Out front of the county courthouse in most small American towns stands a bronze statue of a revered citizen, often, a
general on horseback, sometimes a founder holding a flintlock or maybe a religious icon, but at this pretty town on the edge of the Great Smoky Mountains in Tennessee the townsfolk have saluted their greatest benefactor - Dolly Parton.
The bronze statue in front of the Sevierville County Courthouse depicts the famous, buxom singer sitting on a rock in her bare feet, strumming a guitar. And it's not just because Parton grew up in this town to write and record more than 5,000 country-western songs and become one of the world's most famous entertainers that has her sitting on the courthouse lawn. She is an economic engine that has brought prosperity to this town and its nearby neighbours, Pigeon Forge and Gatlinburg.
Dollywood, the singer's huge amusement park in the heart of Sevierville County, is the most popular tourist destination in Tennessee with an entry fee. Nearly 2.4 million visitors pushed through Dollywood's gates last year.
Further up the hill more than 10 million visitors walked free into the Great Smoky Mountains National Park, which straddles the Tennessee-North Carolina boundary.
In the 1970s, Pigeon Forge was nothing more than a wide spot on the road. It sits next to Sevierville, which was the sleepy county seat. Gatlinburg was also a small quiet mountain town. Their boundaries bump into each other along Highway 441, south of Knoxville.
The three communities drew some new attention from the 1982 World's Fair in Knoxville, but an even bigger boost came in 1986 when Parton bought the Silver Dollar City amusement park in Pigeon Forge.
Attendance shot up more than 75 per cent and Parton was able to hire more than 2,200 of her neighbours to work in the park. Dollywood tells her story and those of her mountain-folk neighbours. It has all the latest rides, including some unique to North America, but its theme is primarily life in the Appalachians.
The Dolly Parton Museum has been added to the park. It contains many of Parton's famous dresses, draped in rhinestones. Every award she has earned over her career, from Oscar, to Emmy, to Grammy, to Golden Globe, to People's Choice and the keys to nearly every city she visited in the world, are on display in the museum.
So too is the scrap of paper on which she wrote the lyrics to Coat of Many Colors, her favourite song. It tells some of the story of her life of poverty in the Appalachian Mountains. Her earlier story is told in the park's replica of the two-room cabin Parton grew up in with her 11 siblings and her parents.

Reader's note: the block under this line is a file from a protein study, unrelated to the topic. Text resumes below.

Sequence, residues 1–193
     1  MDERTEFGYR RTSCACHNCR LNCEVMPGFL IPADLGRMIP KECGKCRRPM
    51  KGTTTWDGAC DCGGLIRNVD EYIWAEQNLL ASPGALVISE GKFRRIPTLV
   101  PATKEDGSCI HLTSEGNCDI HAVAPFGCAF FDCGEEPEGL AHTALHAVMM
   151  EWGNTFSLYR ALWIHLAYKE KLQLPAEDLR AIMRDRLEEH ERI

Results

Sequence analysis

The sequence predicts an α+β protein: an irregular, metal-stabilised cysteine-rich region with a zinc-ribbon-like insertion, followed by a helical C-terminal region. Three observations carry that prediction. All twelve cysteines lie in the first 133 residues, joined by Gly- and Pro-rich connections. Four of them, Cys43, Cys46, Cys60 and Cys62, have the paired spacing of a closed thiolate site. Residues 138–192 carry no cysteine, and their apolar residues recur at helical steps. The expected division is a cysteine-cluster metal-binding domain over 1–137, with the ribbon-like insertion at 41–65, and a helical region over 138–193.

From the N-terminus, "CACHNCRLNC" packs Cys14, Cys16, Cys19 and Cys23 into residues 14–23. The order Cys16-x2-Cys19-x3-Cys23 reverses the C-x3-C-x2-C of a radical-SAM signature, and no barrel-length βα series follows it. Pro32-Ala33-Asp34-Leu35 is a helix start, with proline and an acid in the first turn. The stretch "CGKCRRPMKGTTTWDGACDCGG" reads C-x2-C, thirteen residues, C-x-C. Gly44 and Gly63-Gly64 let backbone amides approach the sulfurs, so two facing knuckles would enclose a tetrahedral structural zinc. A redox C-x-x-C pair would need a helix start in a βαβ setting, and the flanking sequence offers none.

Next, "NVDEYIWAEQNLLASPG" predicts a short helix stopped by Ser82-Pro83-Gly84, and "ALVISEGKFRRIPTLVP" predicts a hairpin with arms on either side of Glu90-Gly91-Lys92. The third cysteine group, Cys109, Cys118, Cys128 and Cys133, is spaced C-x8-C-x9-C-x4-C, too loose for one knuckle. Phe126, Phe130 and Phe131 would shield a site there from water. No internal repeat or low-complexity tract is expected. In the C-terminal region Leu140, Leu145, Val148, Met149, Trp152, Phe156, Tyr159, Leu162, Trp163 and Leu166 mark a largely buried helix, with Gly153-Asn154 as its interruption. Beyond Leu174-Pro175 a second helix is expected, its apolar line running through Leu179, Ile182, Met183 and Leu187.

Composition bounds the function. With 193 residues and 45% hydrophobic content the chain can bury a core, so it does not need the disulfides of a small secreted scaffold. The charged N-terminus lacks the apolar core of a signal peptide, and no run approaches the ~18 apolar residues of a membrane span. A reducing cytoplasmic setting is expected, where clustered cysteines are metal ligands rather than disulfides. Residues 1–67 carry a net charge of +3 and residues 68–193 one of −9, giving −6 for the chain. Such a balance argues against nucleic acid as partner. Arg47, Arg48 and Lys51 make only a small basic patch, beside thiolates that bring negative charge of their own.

A steam train that spent its early years in northern Canada offers one of the best ways to see the park. The steam locomotive, built in 1942 to carry American troops through the Yukon to defend Alaska against a feared Japanese invasion during the Second World War, now carries a Japanese invasion around the 125-acre park. Admission to Dollywood isn't cheap. It's $45.70 US for adults and $34.55 for children four to 11. One consolation is the money goes to a good cause - the Imagination Library.
Parton launched and funded the Imagination Library in Sevier County 10 years ago. Every child in the county is mailed a free book a month from birth until age five. The library is one of several education incentives she has introduced in her home county, such as paying students $500 if they graduate from high school. Imagination Library has now spread to 41 states with a long list of donors, including government funds.
There's no fee to enter Great Smoky Mountain National Park. Highway 441 from Sevierville County winds and twists its way up to more than 5,000 feet above sea level to go over the chain and into North Carolina.
Great Smoky is 500,000 acres of solid bush. Its gently rolling mountains are among the oldest in the world and they contain what many scientists claim is the planet's greatest diversity of plants, animals and invertebrates in a temperate zone. That's because the Ice Age didn't reach this far south, but that mile-high wall of ice 10,000 years ago sent a lot of animals, birds and seeds scurrying south. They liked the Smokies, so they stayed.
Cherokee Indians named the area 1,000 years ago. The dense forests put out so much moisture each day that a mist hangs above the trees looking like whiffs of smoke; thus - The Great Smoky Mountains. The forests are mostly hardwood and the colours in October are spectacular.
Patrick Brennan is a veteran travel, business writer/photographer based in Guelph. His credits include writing for a chain of 60 newspapers with 1.6 million readers. He was a staff writer/photographer at the Toronto Star for 32 years.
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